Additionally, this spending pales in comparison to the cuts to local government funding by the previous coalition government and the current Conservative government. Council funding from central government is set to fall by 56% by 2020, on top of a reduction of 37% over the course of the last government. Considering that social care is one of the largest financial responsibilities of local councils, the idea that these severe budget changes can be absorbed without affecting social care shows an unacceptable naivety in government policy.

Source: Delayed Transfers of Care, 2016-17, NHS England Monthly data.

Take a look a the graph above - you will notice a dramatic leap in the numbers of patients waiting for placement in a nursing home or awaiting a care package in their own home. Note that this changes are statistically significant - both of these categories have more than doubled since 2014, whereas the total number of NHS inpatients has risen by 9% over the same period.

Finally, it's worth noting that this stop-gap method of funding social care on a local level isn't particularly comforting for a Department of Health whose primary objective regarding healthcare provision is the integration of NHS provided services with social care. While social care is provided on a local level, surely tight integration with the National Health Service is going to be tricky, given the different timescales and objectives of the respective funding bodies?

Winter 2017: Streched to Breaking Point
The National Health Service manages times of pressure using the Operational Pressures Escalation Framework, which is designed to ensure patient safety, define a national standard for escalation, triggers and protocol and set expectations for the responsibilities during such times of pressure.
OPEF has 4 levels, where OPEF1 represents a hospital working efficiently under normal conditions and OPEF4 indicates that hospitals and other organisations within the trust are unable to provide a comprehensive level of care. Below are the full definitions of OPEF3 and 4:

Level 3: "The local health and social care system is experiencing major pressures compromising patient flow and continues to increase. Actions taken in OPEL 2 have not succeeded in returning the system to OPEL 1. Further urgent actions are now required across the system by all A&E Delivery Board partners, and increased external support may be required. Regional teams in NHS E and NHS I will be aware of rising system pressure, providing additional support as deemed appropriate and agreed locally. National team will also be informed by DCO/Subregional teams through internal reporting mechanisms."

Level 4: "Pressure in the local health and social care system continues to escalate leaving organisations unable to deliver comprehensive care. There is increased potential for patient care and safety to be compromised. Decisive action must be taken by the Local A&E Delivery Board to recover capacity and ensure patient safety. All available local escalation actions taken, external extensive support and intervention required. Regional teams in NHS E and NHS I will be aware of rising system pressure, providing additional support as deemed appropriate and agreed locally, and will be actively involved in conversations with the system.Where multiple systems in different parts of the country are declaring OPEL 4 for sustained periods of time and there is an impact across local and regional boundaries, national action may be considered."

Below, you can see the daily average number of hospitals in each commisioning region which were at an OPEF level of 3 or 4 during December and January.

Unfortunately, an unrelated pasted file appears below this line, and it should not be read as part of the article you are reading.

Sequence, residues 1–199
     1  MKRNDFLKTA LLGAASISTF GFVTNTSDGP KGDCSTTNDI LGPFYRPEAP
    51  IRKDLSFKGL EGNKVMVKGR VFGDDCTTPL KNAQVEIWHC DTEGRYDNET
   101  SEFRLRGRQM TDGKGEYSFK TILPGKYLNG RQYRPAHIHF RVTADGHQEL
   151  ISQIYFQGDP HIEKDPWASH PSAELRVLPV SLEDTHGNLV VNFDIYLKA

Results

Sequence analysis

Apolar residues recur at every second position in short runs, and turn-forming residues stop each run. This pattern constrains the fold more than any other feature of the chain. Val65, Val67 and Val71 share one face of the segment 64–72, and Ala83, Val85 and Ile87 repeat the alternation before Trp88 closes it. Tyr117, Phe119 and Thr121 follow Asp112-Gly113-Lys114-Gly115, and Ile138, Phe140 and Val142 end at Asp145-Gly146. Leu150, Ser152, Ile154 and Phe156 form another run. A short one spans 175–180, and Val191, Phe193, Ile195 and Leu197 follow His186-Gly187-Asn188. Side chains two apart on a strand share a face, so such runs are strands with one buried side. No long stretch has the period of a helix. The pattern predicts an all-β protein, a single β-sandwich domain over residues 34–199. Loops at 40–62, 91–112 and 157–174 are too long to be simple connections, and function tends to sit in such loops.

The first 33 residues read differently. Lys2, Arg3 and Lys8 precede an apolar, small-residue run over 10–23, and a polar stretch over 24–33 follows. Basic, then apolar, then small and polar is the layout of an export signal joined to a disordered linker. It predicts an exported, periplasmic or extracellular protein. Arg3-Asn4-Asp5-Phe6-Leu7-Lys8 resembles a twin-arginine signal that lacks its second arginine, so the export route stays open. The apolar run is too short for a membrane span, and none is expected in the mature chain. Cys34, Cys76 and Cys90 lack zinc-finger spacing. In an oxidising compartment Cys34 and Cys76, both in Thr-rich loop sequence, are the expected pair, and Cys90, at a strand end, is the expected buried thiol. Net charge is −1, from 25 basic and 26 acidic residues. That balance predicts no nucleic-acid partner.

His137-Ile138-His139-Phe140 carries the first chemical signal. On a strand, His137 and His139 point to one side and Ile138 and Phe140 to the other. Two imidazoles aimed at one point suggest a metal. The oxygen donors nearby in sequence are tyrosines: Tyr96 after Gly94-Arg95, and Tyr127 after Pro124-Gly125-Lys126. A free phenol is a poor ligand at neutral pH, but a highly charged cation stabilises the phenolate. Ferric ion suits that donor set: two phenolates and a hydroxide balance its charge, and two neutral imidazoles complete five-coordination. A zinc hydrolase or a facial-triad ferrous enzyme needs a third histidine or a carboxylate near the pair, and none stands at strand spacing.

Source: Daily Winter Sit-Reps, NHS England. Note that no data is available for 14-15th Jan, so the week beginning 13th Jan is an average over 5 days, rather than a full week. Also, this data is not comparable to previous years, as the government re-defined the way hospitals report operational pressures from "Serious Operational Issues" to the new OPEF framework.

It's clear that the National Health Service is coming under increasing pressure and performance is suffering. Finally, we should take into account the debilitating conditions that NHS staff are increasingly finding themselves working under - public health is not the only cost of a stretched NHS.
Say Something.
The NHS is in crisis and it is important you make your voice heard. Below are some actions you can take now to begin that process.

Write to your MP using Write to Them. Hopefully this blog post has given you enough information to construct your own argument when writing to an MP. Your letter will be much more effective if you write it in your own words and make it relevant to your constituency.

Find out how you can get involved in local activism with Keep our NHS Public. They have several local groups, as well as an informative website where you can keep up-to-date with UK wide events, such as the Our NHS March on Parliment Square on 4th March 2017. Consider donating if you are able.

Share this post, to inform people of the facts surrounding NHS funding and counter some of the mis-information distributed by the Jeremy Hunt and the Conservative Government.

Remember that the argument that privatisation brings efficiency to public services only holds true to a certain extent. Certainly the NHS can become more efficient, but remember that it's very hard to put a value on your health, which makes it a market ripe for exploitation. In 2015, we spent 8.5% of our GDP on health spending; in the USA, that figure is 16.5% and there, you have to pay when you get an ambulance. So the next time you see a doctor, or a nurse, or anyone involved with our National Health Service: tell them they are doing a great job and that you appreciate the work they are doing, especially under times of exceptional stress. It's important that you make your voice heard now, when there is still the possibility that the damage done can be reversed. In today's politics more than ever, apathy is not an option.


A Visual Essay by Mark Neumann.

Acknowledgements: Mike Bostock, for creating the excellent D3.js library and Nadieh Bremer, for the scrollable bar template. Thanks to Chris Loy and Greg Saunders for feedback and comments.